We can look at the edge as the newest IT footprint, becoming an extension of the data center just like bare-metal, virtual environments, private cloud and public cloud. In a sense, edge computing is a summation of the other four footprints, blending pieces from each to create infrastructure aimed at tackling specific customer demands that traditional IT models cannot address.

        • Enterprise open source software is growing within innovative companies

          Red Hat has been at the forefront of the global open source discussion, fighting for software freedom in the U.S Supreme Court, and offering free tech products for cloud infrastructure, automation, AI, and much more. After conducting research and interviewing IT leaders from around the world, Red Hat released a report examining the state of enterprise open source in 2020.

          950 IT leaders, unaware that Red Hat was the research sponsor, were surveyed about their practices and opinions on enterprise open source software.

        • Multicluster Management and GitOps Workshop

          There’s so much more to come. In the next few weeks, we’ll dive deeper into customer ideas and finish the design thinking process by producing designs, prototyping them, and finally testing their validity.

          We also want you to join us. To help influence the future of OpenShift, sign up to be notified about research participation opportunities or provide feedback on your experience by filling out this brief survey. If you’d like to attend the next workshop, keep an eye on the OpenShift Commons calendar for upcoming events. Feel free to reach out by email if you have any questions.

        • Red Hat Fuels Omnitracs to Deliver Cloud-Native Fleet Management Innovation

          Red Hat, Inc., the world’s leading provider of open source solutions, today announced that Omnitracs, LLC, the global pioneer of fleet management solutions to transportation and logistics companies, has delivered its Omnitracs One platform, the next-generation of fleet management innovation, on the foundation of Red Hat OpenShift. Using the industry’s leading enterprise Kubernetes platform along with Red Hat Ansible Automation Platform, Omnitracs One is a completely cloud-native offering and provides an enhanced user experience with a clear path towards future innovations.

        • Orange Egypt Builds Horizontal Cloud on Red Hat Technologies, Improving Time-to-Market by up to 10x

          Red Hat, Inc., the world’s leading provider of open source solutions, today announced that Red Hat’s open hybrid cloud technologies are providing a horizontal cloud platform for Orange Egypt’s virtual network functions (VNFs), helping the service provider to more quickly deliver new services to customers, optimize its network investments and reduce operational expenditure. Building on the foundation of Red Hat OpenStack Platform and Red Hat Ceph Storage, Orange Egypt is the first Orange affiliate to manage 100% of its live customer traffic over a fully software-based platform spanning several sites across its region.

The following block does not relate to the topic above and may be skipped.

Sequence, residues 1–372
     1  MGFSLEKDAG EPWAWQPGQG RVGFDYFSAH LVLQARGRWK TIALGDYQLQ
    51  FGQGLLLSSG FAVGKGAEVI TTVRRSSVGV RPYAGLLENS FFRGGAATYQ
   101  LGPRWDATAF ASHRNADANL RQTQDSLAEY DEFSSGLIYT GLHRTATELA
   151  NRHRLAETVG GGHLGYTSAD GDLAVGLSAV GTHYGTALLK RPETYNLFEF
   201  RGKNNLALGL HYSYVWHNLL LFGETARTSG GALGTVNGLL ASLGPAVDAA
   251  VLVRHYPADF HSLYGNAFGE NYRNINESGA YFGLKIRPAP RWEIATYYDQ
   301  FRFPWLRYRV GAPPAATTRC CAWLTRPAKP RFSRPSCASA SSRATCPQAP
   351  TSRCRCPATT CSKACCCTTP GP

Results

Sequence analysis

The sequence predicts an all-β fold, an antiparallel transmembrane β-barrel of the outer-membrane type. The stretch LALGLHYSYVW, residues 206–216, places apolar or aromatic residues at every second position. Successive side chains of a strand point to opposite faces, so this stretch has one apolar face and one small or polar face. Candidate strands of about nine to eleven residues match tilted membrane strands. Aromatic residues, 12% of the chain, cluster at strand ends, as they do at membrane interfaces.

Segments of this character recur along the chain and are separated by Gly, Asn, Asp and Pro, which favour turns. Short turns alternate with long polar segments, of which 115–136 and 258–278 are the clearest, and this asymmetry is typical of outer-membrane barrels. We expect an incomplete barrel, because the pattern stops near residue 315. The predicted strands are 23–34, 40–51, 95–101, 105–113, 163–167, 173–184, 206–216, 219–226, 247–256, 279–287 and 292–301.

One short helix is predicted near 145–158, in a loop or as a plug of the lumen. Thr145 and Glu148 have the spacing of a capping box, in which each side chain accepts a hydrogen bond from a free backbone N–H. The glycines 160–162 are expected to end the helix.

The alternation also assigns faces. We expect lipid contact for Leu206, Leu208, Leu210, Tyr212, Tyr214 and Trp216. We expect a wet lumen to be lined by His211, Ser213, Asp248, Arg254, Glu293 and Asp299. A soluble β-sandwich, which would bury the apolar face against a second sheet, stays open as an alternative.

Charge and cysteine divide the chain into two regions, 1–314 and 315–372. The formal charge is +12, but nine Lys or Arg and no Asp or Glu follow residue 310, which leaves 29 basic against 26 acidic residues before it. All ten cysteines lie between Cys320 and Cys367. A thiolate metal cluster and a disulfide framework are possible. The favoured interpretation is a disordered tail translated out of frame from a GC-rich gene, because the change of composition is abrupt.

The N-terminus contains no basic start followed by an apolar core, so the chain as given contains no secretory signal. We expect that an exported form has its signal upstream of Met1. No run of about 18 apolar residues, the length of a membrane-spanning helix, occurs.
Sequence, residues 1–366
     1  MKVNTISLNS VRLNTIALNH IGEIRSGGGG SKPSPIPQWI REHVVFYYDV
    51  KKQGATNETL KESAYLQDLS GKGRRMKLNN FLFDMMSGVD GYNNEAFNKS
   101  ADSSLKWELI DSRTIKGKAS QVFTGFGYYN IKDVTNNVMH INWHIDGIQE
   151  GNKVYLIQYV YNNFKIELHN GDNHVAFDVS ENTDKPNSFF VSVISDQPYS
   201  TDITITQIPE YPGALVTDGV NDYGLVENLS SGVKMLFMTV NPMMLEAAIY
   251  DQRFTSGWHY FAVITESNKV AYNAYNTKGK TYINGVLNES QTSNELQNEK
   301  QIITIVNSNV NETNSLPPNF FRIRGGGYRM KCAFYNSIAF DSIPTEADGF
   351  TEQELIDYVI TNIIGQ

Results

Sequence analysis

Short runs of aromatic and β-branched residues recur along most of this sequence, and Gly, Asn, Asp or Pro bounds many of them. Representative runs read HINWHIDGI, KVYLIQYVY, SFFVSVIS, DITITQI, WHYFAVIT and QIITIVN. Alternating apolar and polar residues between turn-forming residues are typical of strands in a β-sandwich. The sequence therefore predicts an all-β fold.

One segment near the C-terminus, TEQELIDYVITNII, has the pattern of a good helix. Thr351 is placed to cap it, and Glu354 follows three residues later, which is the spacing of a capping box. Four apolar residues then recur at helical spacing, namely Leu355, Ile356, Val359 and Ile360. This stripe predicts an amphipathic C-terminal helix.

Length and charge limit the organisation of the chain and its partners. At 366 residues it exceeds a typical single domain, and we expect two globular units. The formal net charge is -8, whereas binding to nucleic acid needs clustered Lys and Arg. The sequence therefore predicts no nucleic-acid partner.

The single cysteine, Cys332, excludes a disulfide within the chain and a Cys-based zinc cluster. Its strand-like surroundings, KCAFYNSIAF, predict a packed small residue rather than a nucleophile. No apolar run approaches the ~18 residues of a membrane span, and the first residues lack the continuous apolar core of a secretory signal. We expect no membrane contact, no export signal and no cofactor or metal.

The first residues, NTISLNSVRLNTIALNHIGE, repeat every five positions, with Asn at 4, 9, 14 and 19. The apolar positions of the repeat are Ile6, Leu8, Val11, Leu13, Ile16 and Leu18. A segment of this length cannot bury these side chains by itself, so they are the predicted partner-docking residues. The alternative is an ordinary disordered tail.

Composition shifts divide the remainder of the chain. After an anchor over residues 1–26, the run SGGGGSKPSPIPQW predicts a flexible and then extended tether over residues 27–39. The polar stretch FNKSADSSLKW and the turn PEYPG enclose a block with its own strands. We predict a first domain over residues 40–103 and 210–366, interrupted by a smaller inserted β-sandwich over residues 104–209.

• Share-ing the News: the Mainframe is Back!

          What seems like a hundred years ago, I started in the technology business. My first job was as a computer operator for an IBM S/390 mainframe computer for a large networking company. The years zipped by and I now find myself at SUSE as the Product Marketing Manager for system Z and LinuxOne. My how things have come full circle!

          While the mainframes of today have transformed and are not quite the behemoths of yesteryear, the purpose of the mainframe is still the same – providing customers with increased security, fast processing time for large amounts of data, high availability, and rock-solid stability.

          Mainframes today like IBM LinuxOne and system Z provide unprecedented privacy and security for your infrastructure with encryption everywhere and instant recovery. And the best part is you can run your favorite Linux distribution on these systems – SUSE Linux Enterprise Server for system Z and LinuxOne

        • Building a community of practice in 5 steps

          In the first part of this series, we defined community as a fundamental principle in open organizations, where people often define their roles, responsibilities, and affiliations through shared interests and passions, not title, role, or position on an organizational chart. Then, in the second part of the series, we explored the many benefits communities of practice bring to open organizations—including fostering learning, encouraging collaboration, and offering an opportunity for creative problem-solving and innovation.

          Now you know you’d like to start a community of practice, but you may still be unsure where to start. This article will help define your roadmap and build a plan for a successful community of practice—in five simple steps (summarized in Figure 1).

        • Red Hat Combines Continuous Community Innovation with Long-Life Enterprise Support in Red Hat OpenStack Platform 16